By Max M. Glatt, MD; David J. Pittman, PhD; Duff G. Gillespie, MA; and Donald R. Hills. Price, not given. Pp 117, with 2 illustrations. Edward Arnold Publishers, Ltd., London, 1967.
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This concise volume represents an Anglo American effort to clarify the current situation in Great Britain in regard to a group of "problem drugs." These include (1) cannabis; (2) amphetamines; (3) barbiturates; (4) opiates, synthetic opiates, and cocaine; and (5) hallucinogens. Dr. Glatt is a member of the WHO Expert Advisory Panel on Drug Dependence; Mr. Hills is a Research Assistant on an Alcoholism Addiction Unit at St. Bernard's Hospital, Southall; and the other two authors are Social Scientists from Washington University in St. Louis, Mo.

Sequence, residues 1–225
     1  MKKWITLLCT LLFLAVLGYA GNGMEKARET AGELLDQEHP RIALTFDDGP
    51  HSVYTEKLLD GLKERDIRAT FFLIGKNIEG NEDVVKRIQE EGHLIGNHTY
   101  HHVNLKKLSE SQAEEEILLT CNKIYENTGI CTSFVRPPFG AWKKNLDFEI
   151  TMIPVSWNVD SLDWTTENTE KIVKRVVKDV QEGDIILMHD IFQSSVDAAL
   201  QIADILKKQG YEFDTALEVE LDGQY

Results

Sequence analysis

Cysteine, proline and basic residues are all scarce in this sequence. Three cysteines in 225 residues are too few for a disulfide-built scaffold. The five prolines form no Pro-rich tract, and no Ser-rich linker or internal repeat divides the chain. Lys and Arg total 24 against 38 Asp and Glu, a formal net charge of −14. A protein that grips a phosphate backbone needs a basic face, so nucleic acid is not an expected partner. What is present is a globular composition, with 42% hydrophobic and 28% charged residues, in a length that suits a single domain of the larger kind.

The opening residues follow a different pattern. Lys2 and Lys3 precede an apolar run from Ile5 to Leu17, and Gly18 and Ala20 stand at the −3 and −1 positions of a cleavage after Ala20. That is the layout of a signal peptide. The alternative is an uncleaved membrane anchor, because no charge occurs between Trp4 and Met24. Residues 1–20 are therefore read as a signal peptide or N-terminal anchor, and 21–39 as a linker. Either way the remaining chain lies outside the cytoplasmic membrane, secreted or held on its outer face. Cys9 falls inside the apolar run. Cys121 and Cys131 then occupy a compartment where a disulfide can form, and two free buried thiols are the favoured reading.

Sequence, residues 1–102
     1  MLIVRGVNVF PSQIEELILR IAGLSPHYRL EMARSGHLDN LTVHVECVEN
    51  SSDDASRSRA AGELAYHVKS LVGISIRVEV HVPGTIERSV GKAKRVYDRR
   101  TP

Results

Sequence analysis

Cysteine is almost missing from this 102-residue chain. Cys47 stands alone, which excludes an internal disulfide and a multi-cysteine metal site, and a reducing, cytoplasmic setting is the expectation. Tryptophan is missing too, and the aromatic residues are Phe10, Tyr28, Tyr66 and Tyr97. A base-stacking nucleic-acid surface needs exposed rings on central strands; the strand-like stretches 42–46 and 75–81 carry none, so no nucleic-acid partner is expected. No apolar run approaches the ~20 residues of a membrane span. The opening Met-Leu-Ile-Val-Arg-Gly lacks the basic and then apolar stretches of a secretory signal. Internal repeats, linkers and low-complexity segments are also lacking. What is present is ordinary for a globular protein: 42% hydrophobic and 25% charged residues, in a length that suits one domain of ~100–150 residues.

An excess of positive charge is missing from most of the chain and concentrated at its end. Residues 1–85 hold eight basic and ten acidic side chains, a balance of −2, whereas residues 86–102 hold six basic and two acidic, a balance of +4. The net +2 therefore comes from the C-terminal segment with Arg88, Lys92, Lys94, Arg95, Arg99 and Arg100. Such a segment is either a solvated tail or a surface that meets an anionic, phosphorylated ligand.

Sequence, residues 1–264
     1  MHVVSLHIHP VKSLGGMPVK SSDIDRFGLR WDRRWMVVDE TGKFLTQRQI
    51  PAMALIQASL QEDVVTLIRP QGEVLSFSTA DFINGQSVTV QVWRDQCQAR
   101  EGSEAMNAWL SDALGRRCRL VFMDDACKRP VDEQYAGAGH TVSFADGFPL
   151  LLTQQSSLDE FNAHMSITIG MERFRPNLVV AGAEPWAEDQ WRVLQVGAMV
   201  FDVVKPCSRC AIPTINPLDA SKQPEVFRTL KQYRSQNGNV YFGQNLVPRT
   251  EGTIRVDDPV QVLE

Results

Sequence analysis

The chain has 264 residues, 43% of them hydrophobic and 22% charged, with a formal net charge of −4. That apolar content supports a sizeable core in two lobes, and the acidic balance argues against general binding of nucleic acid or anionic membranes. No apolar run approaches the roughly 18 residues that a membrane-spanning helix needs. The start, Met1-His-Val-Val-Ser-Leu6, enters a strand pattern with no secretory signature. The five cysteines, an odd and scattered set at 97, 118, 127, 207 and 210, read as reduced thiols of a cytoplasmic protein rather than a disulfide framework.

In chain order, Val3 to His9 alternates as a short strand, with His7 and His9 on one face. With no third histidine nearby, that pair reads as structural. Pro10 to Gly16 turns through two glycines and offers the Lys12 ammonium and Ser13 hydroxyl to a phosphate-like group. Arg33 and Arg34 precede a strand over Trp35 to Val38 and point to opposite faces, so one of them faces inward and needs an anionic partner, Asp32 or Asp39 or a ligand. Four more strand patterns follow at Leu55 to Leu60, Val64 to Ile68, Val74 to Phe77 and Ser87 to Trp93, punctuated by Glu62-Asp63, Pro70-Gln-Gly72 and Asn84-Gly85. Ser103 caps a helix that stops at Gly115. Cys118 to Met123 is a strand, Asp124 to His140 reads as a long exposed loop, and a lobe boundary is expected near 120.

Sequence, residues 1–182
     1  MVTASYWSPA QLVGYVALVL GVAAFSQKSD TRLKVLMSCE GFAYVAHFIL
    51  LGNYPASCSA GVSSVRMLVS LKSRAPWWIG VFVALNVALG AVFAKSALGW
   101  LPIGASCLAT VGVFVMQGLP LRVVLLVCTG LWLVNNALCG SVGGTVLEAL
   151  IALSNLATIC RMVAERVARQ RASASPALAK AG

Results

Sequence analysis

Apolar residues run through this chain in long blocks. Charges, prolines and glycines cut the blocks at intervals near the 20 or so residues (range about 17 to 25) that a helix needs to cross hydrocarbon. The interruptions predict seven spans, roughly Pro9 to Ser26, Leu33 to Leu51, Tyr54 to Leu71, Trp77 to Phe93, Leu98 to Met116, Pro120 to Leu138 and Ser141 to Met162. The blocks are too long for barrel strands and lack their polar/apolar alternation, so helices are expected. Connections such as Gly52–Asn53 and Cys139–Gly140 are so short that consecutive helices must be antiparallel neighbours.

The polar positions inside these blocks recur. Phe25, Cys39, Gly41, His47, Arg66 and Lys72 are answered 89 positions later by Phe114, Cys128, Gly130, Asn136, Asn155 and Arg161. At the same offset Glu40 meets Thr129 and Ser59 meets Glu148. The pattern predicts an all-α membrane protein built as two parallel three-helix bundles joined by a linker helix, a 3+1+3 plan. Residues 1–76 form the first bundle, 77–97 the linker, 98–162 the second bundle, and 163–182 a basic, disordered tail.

A brief historical perspective of the drugs and their use in Great Britain sheds light on the controversy that has occurred in this country over the advantages and disadvantages of medical management of addiction. The proponents of changes in our laws have pointed to the "British System" to demonstrate the superiority of medical control over the dispensing of narcotics to addicts. Many American authorities,
Murphv TC. The Drug Scene in Great Britain—"Journey Into Loneliness".. Arch Gen Psychiatry. 1968;19(2):255-256. doi:10.1001/archpsyc.1968.01740080127030